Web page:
Sydney's Herald Sun backed its controversial cartoon against the critics. Photo: screenshot

He made a video for the Herald website to explain how it was misunderstood by people who thought it showed support for the far right in the US.  

Rod Emmerson went on to say the Serena Williams cartoon was okay - not a 'Jim Crow' throwback as critics claim.

But in a piece for Newsroom, Dr Neal Curtis - head of media and communication at the University of Auckland - called it "the image of pathological, raging whiteness unable to deal with the legitimate demands of people of colour."

David Pope, cartoonist for Fairfax's Canberra Times adapted Mark Knight's Herald Sun cartoon to lampoon both the cartoon itself and the paper's proprietor Rupert Murdoch:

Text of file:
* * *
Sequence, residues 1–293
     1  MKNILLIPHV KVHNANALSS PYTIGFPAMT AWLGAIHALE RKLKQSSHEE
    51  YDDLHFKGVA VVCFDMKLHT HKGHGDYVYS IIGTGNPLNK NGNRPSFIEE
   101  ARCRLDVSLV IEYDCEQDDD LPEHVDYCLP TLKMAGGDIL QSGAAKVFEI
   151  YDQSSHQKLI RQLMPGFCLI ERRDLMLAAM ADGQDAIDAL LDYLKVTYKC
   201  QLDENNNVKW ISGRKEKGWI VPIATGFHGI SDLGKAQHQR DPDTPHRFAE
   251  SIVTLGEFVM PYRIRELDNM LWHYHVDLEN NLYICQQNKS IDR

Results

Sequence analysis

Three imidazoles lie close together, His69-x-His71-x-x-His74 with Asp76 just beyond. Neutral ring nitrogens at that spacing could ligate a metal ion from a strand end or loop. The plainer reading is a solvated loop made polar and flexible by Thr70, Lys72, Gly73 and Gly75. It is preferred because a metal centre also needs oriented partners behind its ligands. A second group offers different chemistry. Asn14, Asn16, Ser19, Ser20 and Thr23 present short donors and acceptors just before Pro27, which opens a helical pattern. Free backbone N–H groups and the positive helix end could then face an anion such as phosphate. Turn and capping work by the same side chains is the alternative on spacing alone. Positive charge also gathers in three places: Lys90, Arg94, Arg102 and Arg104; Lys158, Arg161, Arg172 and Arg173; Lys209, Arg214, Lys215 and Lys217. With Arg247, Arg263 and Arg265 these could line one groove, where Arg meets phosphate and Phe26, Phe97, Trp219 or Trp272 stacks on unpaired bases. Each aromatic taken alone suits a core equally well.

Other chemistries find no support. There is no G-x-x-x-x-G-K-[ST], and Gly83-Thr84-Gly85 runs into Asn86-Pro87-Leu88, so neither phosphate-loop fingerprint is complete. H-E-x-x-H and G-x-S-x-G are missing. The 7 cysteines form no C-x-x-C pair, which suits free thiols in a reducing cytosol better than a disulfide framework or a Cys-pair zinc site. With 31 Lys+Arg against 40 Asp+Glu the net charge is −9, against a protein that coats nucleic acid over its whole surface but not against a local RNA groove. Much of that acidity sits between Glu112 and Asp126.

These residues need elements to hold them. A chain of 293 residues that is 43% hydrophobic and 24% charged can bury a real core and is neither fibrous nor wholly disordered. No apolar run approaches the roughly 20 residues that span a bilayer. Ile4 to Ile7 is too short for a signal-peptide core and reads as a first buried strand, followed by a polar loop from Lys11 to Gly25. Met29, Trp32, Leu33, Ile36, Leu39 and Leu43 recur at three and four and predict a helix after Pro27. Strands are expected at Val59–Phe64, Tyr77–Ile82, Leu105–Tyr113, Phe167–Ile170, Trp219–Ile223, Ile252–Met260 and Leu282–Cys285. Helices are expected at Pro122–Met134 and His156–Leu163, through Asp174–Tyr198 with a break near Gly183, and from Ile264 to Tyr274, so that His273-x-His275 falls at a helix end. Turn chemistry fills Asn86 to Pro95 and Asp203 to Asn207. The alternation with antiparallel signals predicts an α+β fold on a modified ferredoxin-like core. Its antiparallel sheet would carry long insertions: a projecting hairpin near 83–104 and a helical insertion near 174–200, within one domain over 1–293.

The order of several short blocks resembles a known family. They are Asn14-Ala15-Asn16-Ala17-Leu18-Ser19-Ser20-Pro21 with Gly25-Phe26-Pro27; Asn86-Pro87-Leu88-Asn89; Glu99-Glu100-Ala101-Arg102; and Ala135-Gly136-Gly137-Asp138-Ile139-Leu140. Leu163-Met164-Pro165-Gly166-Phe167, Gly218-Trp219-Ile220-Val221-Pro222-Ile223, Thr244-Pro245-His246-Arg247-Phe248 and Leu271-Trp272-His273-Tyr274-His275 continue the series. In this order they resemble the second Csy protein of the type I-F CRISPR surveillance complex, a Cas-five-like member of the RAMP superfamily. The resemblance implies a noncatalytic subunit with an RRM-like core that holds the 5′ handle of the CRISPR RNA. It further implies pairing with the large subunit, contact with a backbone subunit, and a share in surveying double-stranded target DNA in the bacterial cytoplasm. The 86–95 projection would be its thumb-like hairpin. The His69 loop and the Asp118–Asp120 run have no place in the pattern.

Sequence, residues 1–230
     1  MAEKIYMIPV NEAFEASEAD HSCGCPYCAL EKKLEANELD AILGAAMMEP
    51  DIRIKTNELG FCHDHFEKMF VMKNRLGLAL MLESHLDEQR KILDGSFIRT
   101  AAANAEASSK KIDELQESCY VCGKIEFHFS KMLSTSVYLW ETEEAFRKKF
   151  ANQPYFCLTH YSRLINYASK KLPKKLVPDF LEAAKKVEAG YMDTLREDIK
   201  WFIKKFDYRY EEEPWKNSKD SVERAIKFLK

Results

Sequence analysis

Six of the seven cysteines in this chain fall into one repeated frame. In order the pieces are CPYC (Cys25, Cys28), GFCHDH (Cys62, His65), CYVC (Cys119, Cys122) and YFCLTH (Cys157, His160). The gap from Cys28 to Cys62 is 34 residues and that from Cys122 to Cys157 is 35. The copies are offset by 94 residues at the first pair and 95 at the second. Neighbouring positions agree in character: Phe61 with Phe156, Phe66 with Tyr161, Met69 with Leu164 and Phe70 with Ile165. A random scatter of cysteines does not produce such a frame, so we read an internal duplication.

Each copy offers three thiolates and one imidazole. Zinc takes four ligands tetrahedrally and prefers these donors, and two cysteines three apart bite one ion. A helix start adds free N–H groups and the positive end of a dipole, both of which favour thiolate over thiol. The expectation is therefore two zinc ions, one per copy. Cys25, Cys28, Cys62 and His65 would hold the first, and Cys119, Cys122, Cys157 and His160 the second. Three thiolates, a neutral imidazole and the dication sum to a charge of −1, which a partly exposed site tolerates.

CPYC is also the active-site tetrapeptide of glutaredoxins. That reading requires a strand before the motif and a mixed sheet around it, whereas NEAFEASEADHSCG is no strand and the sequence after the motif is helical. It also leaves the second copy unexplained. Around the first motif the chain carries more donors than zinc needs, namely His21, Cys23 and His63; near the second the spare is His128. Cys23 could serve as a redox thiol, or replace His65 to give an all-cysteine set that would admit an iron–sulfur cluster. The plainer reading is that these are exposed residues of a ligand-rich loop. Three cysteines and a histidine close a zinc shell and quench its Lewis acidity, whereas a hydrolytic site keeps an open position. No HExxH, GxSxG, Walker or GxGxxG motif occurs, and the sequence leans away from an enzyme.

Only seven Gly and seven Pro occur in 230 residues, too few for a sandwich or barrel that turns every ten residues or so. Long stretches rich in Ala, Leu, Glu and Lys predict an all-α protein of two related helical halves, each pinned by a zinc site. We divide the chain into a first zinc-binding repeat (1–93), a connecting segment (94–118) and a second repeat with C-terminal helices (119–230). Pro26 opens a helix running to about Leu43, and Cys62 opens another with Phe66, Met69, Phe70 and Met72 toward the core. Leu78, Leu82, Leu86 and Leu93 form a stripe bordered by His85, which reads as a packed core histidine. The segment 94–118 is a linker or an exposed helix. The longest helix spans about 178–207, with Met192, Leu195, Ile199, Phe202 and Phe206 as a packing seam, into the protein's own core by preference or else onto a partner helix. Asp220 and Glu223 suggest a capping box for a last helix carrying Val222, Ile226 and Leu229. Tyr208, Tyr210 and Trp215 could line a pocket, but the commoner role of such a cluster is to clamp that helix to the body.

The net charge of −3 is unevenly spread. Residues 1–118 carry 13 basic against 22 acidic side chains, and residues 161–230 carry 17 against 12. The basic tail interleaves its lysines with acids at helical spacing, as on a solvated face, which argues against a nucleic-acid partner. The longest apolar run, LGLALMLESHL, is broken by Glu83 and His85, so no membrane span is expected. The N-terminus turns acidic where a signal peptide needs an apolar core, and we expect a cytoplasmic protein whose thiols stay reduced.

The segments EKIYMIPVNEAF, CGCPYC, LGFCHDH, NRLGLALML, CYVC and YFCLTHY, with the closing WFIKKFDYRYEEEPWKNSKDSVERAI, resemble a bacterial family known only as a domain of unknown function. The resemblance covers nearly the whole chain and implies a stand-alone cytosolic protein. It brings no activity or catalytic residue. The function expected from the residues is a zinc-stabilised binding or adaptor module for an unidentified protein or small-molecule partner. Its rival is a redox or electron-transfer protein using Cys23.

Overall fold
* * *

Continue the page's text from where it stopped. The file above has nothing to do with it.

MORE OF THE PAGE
Meanwhile in the UK, football went back to black-and-white this morning to make a statement about diversity in sport. 

To mark 25 years of the Kick It Out anti-racism campaign - and draw attention to tiny numbers of ethnic minority people in coaching and management of UK football today - the first 25 seconds of England's soccer match vs Switzerland this morning (NZ time) were screened in black and white.

Finally  - another anniversary.

30 years after Bill and Ted's Excellent Adventure became the sleeper hit of the year, they're doing another sequel.

More of this? No way.

Yes way, sadly.

"The new movie will reportedly catch up with the characters in middle-age, burdened by family responsibilities and still having failed to write the greatest song ever, until a visitor from the future arrives and tells them that fate of the world depends on them writing that song," says the Guardian.

Sounds terrible.